There is no international railway line I have travelled more often than Bruxelles – Köln. A good part of my life since my teenage years on language exchanges in the mid-1990s in Verviers and Lahnstein, through to professional life today in my early forties as a self employed person living in Berlin with contracts in Bruxelles, Brugge and Maastricht, has been intrinsically connected with it. I’ve crossed the border between Hergenrath and Aachen more than a hundred times in each direction.

It was then – to say the least – something of a surprise when Deutsche Bahn and SNCB, in the presence of Germany’s transport minister Wissing and his Belgian counterpart Gilkinet recently “celebrated” 20 years of ICE trains running on the route – Deutsche Bahn wrote a press release about it here, and here’s SNCB’s CEO tweeting about it:

It shows some audacity to have fireworks on the stage… when the main problem with the ICE trains on the line is that they keep catching fire. That strikes me as tone deaf in the extreme.

But of course Gilkinet retweeted the joyous SNCB tweet about the event, Wissing’s ministry BMDV tweeted euphorically about the 20 years of the service, and DB boss Lutz joined in on LinkedIn.

On 16th November, the day of the event in Brussels, the ICE service to Bruxelles ran comparatively well (perhaps there were VIPs on board like DB boss Lutz and even Wissing himself?), but the day after reverted to normal – with delays and cancellations.

In the meantime Grüne Member of the Bundestag Matthias Gastel has been looking at the statistics about delays and cancellations on the route, and here are the tables from his latest enquiries, from a letter dated 20th October – a few weeks before the celebratory event in Brussels:

Given August has 31 days, and there are 7 trains a day each way, that means 104 of 434 trains – or 24% (just short of a quarter) were entirely cancelled during that month, and 88 further services were part cancelled (normally between Köln and Brussels in my experience). And in August fewer than half the trains on the route were on time.

So how does this compare to the historical statistics for the route? Again from Gastel’s digging:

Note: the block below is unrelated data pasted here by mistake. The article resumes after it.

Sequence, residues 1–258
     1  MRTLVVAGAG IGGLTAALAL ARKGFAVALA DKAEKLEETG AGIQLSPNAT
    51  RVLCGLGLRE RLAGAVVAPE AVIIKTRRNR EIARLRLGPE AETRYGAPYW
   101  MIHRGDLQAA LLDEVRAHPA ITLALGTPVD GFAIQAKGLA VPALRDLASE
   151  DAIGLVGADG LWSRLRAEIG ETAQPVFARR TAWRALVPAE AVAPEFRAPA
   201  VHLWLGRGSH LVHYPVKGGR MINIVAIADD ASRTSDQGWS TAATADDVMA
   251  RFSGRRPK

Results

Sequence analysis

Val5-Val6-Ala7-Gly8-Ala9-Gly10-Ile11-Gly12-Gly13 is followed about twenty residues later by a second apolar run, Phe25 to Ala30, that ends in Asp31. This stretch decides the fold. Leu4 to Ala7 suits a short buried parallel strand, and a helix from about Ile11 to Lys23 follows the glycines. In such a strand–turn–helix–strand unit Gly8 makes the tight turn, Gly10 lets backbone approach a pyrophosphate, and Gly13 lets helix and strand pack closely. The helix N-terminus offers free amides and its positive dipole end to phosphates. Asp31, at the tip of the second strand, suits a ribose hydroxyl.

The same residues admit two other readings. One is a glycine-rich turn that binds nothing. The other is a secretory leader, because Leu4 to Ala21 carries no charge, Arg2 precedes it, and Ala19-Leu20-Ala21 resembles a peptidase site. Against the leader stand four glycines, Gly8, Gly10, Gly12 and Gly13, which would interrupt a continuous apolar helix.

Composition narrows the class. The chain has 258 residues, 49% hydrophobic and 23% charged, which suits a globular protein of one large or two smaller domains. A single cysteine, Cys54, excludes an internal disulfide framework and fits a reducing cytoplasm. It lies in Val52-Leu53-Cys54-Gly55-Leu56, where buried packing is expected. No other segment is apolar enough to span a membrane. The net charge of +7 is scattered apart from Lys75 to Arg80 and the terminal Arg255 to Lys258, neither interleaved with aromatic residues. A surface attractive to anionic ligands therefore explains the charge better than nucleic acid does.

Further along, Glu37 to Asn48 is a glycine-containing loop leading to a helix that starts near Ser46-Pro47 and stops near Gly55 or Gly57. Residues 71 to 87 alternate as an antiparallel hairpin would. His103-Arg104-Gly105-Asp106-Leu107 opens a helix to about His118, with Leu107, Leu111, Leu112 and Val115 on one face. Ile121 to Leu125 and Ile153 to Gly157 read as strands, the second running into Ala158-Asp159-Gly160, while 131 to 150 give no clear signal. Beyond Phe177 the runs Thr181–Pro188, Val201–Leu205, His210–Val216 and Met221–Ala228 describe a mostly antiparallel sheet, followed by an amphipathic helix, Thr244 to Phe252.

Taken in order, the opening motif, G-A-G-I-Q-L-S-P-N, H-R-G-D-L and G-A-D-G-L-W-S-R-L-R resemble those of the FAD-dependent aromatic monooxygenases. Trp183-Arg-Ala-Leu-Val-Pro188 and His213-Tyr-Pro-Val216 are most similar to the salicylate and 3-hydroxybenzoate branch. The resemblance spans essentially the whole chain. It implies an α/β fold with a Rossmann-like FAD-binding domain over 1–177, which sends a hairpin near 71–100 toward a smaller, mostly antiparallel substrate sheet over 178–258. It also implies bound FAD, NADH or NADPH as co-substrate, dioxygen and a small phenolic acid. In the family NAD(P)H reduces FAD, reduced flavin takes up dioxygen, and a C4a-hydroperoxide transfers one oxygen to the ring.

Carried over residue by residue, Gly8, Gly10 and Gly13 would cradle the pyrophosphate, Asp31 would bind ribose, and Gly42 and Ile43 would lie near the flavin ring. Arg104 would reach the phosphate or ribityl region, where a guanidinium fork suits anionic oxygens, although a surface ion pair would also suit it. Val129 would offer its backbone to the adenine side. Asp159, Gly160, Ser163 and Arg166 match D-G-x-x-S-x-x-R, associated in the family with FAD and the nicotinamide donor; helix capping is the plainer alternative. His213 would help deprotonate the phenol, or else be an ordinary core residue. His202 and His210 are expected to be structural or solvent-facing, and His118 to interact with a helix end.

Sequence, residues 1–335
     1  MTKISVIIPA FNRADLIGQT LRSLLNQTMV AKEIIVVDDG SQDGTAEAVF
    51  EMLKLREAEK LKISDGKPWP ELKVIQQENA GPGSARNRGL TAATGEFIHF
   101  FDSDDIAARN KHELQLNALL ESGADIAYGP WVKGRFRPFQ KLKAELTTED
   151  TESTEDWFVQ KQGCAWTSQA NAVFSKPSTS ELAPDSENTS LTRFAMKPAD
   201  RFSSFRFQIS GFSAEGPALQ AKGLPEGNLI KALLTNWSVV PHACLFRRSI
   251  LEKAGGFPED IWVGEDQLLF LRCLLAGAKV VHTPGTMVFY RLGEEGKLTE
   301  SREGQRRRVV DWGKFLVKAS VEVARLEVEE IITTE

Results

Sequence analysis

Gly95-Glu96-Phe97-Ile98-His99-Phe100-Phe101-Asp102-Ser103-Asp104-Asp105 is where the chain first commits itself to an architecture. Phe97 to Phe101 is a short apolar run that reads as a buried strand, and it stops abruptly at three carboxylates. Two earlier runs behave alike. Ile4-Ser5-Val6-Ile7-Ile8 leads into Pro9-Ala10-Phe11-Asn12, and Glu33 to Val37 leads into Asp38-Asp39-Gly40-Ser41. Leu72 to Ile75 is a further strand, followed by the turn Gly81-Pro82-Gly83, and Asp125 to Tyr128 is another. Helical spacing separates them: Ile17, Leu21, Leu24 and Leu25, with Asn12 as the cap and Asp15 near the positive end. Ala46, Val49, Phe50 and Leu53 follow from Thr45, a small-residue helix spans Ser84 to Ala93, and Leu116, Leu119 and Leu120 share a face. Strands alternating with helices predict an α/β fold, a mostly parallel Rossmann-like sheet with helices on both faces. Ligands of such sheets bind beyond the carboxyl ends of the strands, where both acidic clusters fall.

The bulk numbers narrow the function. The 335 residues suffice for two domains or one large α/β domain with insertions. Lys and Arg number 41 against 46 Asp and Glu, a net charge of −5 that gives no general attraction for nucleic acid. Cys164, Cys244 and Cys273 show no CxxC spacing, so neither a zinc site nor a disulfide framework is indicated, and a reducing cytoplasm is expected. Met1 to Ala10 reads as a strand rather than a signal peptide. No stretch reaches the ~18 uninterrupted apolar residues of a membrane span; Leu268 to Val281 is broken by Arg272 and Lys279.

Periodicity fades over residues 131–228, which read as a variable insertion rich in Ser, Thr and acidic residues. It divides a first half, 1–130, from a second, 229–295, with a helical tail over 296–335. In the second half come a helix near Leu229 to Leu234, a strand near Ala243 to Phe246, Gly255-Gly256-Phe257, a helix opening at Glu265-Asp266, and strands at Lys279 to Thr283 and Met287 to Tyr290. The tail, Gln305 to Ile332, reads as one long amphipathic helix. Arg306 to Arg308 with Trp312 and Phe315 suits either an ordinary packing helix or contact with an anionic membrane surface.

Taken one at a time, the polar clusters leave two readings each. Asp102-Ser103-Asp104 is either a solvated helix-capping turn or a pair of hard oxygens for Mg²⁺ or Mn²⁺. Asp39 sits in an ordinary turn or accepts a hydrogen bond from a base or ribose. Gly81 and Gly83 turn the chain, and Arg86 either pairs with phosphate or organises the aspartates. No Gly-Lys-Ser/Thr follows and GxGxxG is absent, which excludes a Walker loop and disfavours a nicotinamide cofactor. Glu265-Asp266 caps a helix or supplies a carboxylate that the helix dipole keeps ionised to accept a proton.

While there has been a marked deterioration of the route in the summer of 2022, even prior to that the statistics make grim reading – in only 4 months where the stats are provided was punctuality above 80%, and partial or complete cancellations are also comparatively common – with at least 1 a day on average across the whole period.

And this – according to SNCB and Deutsche Bahn at their event – is a success story?

If it is, I’d not like to see what a failure looks like.

As I see it, there is nothing whatsoever to celebrate about the Bruxelles – Köln – Frankfurt ICE. It is a route that ought to be a hell of a lot better than it is. But the very fact that the likes of Wissing, Gilkinet, Lutz and Dutordoir do publicly state that there is something to celebrate seems to demonstrate to me their complete and total disconnection from reality. Sometimes it is better to say nothing at all, than to celebrate something so obviously deeply dysfunctional. And – interestingly – I enquired with a few journalists and critical politicians I know in Brussels EU transport circles I know, and none of them were even asked along to the celebration event.

This whole story leaves me feeling very empty. I’d not expect anything except PR puff from Wissing as he’s FDP, but Gilkinet is from the Walloon Greens Ecolo for goodness sake – if someone like him cannot be honest about the problems, what hope do we realistically have about improving our international railways?

In the meanwhile I’m now planning my trips on this route fearing the worst, and planning in enough time to go on regional trains via Welkenraedt for the times when the ICE breaks down. That is the reality, however much anyone wants to say otherwise at celebratory events in Bruxelles.

One Comment

  1. Gregor Erbach

    Sophie Dutordoir’s tweet literally says “Une aventure” 😉

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